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Terror suspect attended 2008 Islamic 'knowledge fest' in Houston

Umar Farouk AbdulMutallab at Buckingham Palace in London while on a field trip.
Umar Farouk AbdulMutallab at Buckingham Palace in London while on a field trip.
  • AbdulMutallab went to conference for young Muslims on "the nuts and bolts of Islam"
  • Organizer of "Ilm Fest" recalls AbdulMutallab was "shy" and "reserved in his responses"
  • No indication at the time that AbdulMutallab was extreme in his views, organizer says

(CNN) -- The man accused of trying to blow up a U.S.-bound airliner on Christmas Day attended an Islamic "Knowledge Fest" in Houston, Texas, in 2008, according to one of the organizers of the event.

Yasir Qadhi, who was an instructor at "Ilm Fest," said the 16-day conference organized by the Al Maghrib Institute was a series of courses and workshops to teach young Muslims "the nuts and bolts of Islam."

Suspect Umar Farouk AbdulMutallab attended some of the classes that Qadhi taught during the event, which ran from August 1 to 17, 2008.

"He was a very quiet individual, tight-lipped and shy, and he did not ask a single question during the discussions," Qadhi said in an exclusive interview with CNN. "He barely interacted with the other students at the conference."

AbdulMutallab was not a visible presence during the conference and did not attend all the sessions, recalled Qadhi.

Qadhi recalls speaking to AbdulMutallab and remembers that he was "very reserved in his responses."

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AbdulMutallab also attended two seminars organized by the Al Maghrib Institute in London in the months before the event in Houston, Qadhi said.

One of the events was on the life of the Prophet Mohammed, and the other course was on the first chapter of the Koran.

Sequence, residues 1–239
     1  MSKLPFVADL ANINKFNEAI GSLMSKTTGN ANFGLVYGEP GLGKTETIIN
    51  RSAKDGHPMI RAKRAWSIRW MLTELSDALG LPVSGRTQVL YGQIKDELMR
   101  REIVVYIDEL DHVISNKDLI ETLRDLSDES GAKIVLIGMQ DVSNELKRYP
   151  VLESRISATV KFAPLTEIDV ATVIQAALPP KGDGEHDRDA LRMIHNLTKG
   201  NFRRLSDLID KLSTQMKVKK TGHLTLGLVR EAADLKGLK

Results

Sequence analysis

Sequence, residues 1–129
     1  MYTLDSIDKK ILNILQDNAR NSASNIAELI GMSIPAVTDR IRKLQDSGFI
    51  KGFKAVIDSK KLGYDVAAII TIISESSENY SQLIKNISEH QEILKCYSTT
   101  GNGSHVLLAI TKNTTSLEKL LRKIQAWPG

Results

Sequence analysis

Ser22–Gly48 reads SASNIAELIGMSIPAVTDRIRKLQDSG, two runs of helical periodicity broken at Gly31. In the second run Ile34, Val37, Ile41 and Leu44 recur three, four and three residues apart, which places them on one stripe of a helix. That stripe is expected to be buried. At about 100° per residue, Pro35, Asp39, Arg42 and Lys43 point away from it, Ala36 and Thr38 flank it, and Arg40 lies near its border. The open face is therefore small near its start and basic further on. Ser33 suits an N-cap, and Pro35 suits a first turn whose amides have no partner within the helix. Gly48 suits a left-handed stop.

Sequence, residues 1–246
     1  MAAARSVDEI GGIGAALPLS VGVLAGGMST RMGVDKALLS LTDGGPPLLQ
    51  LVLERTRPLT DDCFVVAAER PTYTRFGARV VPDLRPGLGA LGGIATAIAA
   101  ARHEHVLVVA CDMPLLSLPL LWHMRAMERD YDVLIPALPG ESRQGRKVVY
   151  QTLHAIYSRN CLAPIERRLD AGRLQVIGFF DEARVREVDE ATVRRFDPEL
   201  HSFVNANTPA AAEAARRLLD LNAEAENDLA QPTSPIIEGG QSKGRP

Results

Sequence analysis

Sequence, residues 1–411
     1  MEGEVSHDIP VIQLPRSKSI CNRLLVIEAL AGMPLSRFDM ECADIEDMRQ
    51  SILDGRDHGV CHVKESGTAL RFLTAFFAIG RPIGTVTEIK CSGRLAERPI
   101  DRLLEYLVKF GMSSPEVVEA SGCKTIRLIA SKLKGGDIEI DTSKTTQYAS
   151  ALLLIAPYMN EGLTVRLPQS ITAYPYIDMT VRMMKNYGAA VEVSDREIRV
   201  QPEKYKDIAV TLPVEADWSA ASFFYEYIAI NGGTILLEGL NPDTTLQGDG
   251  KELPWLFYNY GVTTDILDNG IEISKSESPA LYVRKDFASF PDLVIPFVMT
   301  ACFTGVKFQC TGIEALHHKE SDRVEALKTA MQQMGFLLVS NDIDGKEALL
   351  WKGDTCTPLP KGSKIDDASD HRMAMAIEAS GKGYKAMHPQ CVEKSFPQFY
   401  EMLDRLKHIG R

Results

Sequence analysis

"This was mainstream Islamic stuff," said Qadhi.

Qadhi said the institute taught young Muslims a "orthodox Islam for the 21st Century," stressing the importance of the literal text of the Quran but imbuing those words with a modern meaning.

"We are trying to carve out a Western Muslim identity among conservative Muslims -- for Muslims to integrate into Western society but maintain their Islamic identity."

Qadhi, of New Haven, Connecticut, has been involved in de-radicalization efforts in the United States and was a leading participant in the U.S. Counter-Radicalization Strategy conference organized by the National Counterterrorism Center in the summer of 2008.

"It's ironic that he came to us," said Qadhi of AbdulMutallab.

The Al Maghrib Institute has chapters in the United States, Canada and the United Kingdom, and has taught more than 30,000 young Muslims in its courses.

Qadhi says there was no indication AbdulMutallab in 2008 was extreme in his views.

After the Houston event, AbdulMutallab did not sign up for any more Al Maghrib events, said Qadhi -- perhaps a sign he was starting to become influenced by extremist ideas, he added.

"At some level, we did not convince him of the validity of our views," says Qadhi, "and that is cause for regret."

"What AbdulMutallab probably doesn't realize is that by his actions he has hurt the very same people -- Muslims -- who he was purportedly trying to defend."

CNN's Paul Cruickshank and David Mattingly contributed to this report.